Barn Swallows in Wisconsin
This bird is commonly seen in rural areas and semi-open country skimming low over fields with a flowing, graceful flight. They frequently seek refuge in buildings, and therefore, they may be considered a nuisance. They are protected under the Federal Migratory Bird Act.
Barn Swallows Diet
Food is mostly captured and eaten in the air, often foraging quite low over water or fields. They feed on a wide variety of flying insects, including flies, beetles, wasps, bees, winged ants, and true bugs. Moths, damselflies, grasshoppers, other insects, and occasionally a few berries or seeds are also eaten.
Barn Swallow Habitat & Nesting
Although it is becoming increasingly rare to find a barn swallow nest in a site that is not man-made, natural nesting sites are in sheltered crevices in cliffs or shallow caves. Nests are more commonly found in open buildings, under eaves, under bridges or docks, barns, sheds, or similar places. The nest is built in the shape of a cup with mud and dried grass and is lined with feathers.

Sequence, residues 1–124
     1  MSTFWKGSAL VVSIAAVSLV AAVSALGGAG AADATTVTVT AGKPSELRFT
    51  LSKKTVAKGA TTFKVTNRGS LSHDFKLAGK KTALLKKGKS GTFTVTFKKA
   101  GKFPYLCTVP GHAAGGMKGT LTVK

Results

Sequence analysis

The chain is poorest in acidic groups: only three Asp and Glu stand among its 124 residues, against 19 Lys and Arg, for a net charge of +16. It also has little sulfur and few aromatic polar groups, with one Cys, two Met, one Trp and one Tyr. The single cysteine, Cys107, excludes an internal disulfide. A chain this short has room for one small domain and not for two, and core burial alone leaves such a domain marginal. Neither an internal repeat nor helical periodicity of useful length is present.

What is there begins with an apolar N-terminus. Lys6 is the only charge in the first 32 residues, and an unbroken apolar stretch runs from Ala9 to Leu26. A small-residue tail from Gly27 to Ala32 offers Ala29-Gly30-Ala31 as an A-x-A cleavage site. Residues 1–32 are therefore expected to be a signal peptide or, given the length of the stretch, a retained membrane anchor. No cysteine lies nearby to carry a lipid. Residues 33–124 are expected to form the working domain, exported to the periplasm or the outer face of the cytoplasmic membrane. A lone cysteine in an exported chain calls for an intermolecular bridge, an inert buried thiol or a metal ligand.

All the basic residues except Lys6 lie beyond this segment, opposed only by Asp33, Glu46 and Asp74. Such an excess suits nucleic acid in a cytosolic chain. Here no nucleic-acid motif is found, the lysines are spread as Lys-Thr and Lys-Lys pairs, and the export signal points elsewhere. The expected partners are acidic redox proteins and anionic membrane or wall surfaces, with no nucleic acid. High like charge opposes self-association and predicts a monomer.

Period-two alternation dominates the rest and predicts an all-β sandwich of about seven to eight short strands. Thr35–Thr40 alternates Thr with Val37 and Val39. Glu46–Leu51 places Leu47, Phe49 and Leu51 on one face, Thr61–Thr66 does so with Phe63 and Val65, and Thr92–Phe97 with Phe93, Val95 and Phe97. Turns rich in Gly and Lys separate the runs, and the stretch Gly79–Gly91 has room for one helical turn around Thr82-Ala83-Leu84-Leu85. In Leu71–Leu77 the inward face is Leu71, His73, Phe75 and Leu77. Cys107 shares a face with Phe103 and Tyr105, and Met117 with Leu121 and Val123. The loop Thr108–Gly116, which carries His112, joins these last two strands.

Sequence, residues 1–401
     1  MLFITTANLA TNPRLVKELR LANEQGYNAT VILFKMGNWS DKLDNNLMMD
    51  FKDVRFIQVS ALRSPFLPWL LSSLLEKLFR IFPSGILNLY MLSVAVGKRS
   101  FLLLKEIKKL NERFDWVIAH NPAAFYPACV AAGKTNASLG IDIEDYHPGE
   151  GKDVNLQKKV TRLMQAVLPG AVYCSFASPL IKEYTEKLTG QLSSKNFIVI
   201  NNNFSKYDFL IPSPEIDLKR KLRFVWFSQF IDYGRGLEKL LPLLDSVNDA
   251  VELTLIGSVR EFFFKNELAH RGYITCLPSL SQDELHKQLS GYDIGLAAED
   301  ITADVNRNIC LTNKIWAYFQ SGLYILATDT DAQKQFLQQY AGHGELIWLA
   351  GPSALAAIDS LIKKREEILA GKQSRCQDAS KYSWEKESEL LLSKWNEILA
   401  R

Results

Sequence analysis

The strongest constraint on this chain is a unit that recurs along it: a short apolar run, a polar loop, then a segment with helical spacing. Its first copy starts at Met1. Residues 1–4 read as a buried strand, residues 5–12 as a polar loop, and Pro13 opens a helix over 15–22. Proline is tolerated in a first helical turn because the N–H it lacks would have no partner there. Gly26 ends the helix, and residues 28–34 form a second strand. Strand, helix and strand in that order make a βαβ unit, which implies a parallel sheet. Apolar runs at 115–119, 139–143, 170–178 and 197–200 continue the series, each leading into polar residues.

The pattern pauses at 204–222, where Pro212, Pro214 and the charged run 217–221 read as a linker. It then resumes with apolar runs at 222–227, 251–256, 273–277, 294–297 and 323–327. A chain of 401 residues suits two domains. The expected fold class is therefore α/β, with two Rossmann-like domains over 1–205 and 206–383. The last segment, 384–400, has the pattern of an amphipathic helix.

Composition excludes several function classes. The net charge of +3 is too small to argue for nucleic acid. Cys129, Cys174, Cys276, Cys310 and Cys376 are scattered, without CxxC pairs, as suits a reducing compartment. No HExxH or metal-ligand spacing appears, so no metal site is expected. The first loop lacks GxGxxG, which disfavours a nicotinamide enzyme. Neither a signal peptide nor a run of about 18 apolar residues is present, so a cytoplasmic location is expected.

Barn Swallow Mating & Life Cycle
Courtship involves aerial chases. When perched, mated pairs sit close together, touch bills, and preen each other’s feathers. Several pairs may nest in the same immediate area, but do not form dense colonies like some other swallow species.
Barn swallows have one to two broods per year with four to five white eggs each. The eggs are incubated by both sexes for 13-17 days. Both parents feed the young, and occasionally, one or two additional birds (offspring from previous broods) may attend the nest and feed the nestlings. Young leave the nest about 18-23 days after hatching.
Barn Swallow Damage
Swallows can damage property with their mud nests, which are not only unattractive but can permanently damage the surfaces on which they are built. Their droppings that fall under the nests may breed bacteria and parasites causing major health concerns, requiring expensive and time-consuming clean-up and repair.